Dr. Hennig described Roche’s program to screen compounds binding to the beta amyloid cleaving enzyme (BACE), a target in Alzheimer’s disease. It is believed that the release of a portion of the beta amyloid protein from the cell surface produces the raw material that will congregate in the plaques that clog neurons and prevent the proper transmission of signals in the brain.
According to this hypothesis, drugs that block the asp-protease BACE might prevent the initiation and progression of Alzheimer’s disease. In addition to the other properties mentioned, a viable candidate drug would have to cross the blood-brain barrier in order to have access to the cells of the central nervous system.
Dr. Hennig and his colleagues have screened their fragment library against BACE and have identified a number of candidates that bind to the enzyme. All but one of the positive fragments bound to the S1 pocket of the enzyme, which appears to be a key site for ligand binding. Based on the screening results and structural information, the tyramine fragment binding to the S1 pocket was selected for chemistry efforts and ortho-substituted molecules were synthesized exhibiting greatly improved Kd.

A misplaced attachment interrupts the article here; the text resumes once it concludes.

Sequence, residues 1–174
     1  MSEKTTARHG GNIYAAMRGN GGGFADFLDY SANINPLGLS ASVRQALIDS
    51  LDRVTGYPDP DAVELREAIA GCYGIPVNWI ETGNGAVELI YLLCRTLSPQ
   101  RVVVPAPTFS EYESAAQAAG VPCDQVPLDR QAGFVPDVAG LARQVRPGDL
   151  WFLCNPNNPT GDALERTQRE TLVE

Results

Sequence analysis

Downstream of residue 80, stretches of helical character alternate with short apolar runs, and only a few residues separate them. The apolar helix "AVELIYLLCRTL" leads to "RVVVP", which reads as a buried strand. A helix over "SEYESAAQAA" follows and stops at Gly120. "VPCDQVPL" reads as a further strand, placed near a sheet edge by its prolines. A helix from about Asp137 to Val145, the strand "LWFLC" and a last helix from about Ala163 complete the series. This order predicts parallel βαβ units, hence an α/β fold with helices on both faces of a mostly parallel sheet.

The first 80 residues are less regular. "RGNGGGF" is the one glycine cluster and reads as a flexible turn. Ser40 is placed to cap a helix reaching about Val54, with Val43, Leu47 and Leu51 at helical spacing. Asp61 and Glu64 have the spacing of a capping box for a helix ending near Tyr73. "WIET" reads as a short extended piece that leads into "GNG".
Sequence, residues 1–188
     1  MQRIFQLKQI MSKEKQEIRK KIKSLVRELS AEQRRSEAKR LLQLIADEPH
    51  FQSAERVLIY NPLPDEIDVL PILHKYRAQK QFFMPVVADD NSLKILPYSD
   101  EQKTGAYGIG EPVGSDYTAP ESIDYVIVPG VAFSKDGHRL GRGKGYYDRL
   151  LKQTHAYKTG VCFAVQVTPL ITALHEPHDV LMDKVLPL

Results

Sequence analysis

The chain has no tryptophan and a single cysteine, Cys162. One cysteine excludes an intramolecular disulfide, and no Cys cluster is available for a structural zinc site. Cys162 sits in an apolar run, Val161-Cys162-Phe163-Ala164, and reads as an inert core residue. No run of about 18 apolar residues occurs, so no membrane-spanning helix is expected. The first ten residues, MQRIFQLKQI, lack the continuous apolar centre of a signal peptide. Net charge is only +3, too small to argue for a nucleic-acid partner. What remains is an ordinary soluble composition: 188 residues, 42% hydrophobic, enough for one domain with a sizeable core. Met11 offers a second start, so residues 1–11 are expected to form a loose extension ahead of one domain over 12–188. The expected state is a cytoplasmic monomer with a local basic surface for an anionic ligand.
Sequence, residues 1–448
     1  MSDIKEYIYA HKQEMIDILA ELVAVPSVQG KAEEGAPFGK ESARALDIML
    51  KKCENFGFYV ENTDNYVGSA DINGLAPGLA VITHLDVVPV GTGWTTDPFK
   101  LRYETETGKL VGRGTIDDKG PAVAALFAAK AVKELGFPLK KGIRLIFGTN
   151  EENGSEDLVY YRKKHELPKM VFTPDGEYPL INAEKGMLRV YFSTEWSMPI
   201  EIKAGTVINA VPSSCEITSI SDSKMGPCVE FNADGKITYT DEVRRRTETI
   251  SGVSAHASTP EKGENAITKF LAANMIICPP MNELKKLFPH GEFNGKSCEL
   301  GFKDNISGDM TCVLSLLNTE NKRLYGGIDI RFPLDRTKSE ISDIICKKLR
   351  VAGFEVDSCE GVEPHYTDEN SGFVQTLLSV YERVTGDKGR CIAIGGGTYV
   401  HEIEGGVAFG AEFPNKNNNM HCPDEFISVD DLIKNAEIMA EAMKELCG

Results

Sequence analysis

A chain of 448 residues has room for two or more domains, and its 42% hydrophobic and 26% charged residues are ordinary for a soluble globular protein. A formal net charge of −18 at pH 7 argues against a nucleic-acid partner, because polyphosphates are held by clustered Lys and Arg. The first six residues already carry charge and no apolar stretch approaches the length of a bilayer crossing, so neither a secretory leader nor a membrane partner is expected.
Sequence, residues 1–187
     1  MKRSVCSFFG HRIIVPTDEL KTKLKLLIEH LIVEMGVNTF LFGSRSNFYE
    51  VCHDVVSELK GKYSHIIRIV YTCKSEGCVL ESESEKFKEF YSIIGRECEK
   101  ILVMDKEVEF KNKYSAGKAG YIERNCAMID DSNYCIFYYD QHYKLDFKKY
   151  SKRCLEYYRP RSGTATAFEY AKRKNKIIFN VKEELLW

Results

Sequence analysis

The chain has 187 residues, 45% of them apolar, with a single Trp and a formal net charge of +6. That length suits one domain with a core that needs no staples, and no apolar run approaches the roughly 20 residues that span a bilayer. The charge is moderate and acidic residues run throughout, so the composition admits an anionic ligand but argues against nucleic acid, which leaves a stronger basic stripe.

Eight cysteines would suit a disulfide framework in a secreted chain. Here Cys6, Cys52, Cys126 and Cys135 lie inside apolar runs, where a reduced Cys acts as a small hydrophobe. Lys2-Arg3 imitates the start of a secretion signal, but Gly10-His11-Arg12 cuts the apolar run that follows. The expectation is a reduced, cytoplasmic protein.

Dr. Hennig concluded the discussion with a cautionary note against irrational exuberance. “Library fragment screening with Biacore is one important step in drug development,” he said. “But from this point, we still have a long way to go on the path to the multidimensional optimization of the candidates.”
While fragment library screening represents a focused approach to new drug development, it will not provide new drugs in the course of a single experimental run. Rather it allows the discovery of ligand candidates that can serve as a starting point on the long road to a viable therapeutic modality.
In the last few years, our understanding of the basic biology has grown so that screening is a much more targeted and sophisticated process. By selecting particularly fertile areas of the genome such as the kinome and using rapid and economical screening technologies, small biotech companies are able to address challenges that previously only big pharma, with its immense resources, could manage. This means that less lucrative targets are fair game for drug development, and with the FDA’s fast-tracking authority, the search for therapies for incurable but infrequent diseases is now a feasible goal.
K. John Morrow, Jr., Ph.D., is
president of Newport Biotech and
contributing editor for GEN.
E-mail: [email protected].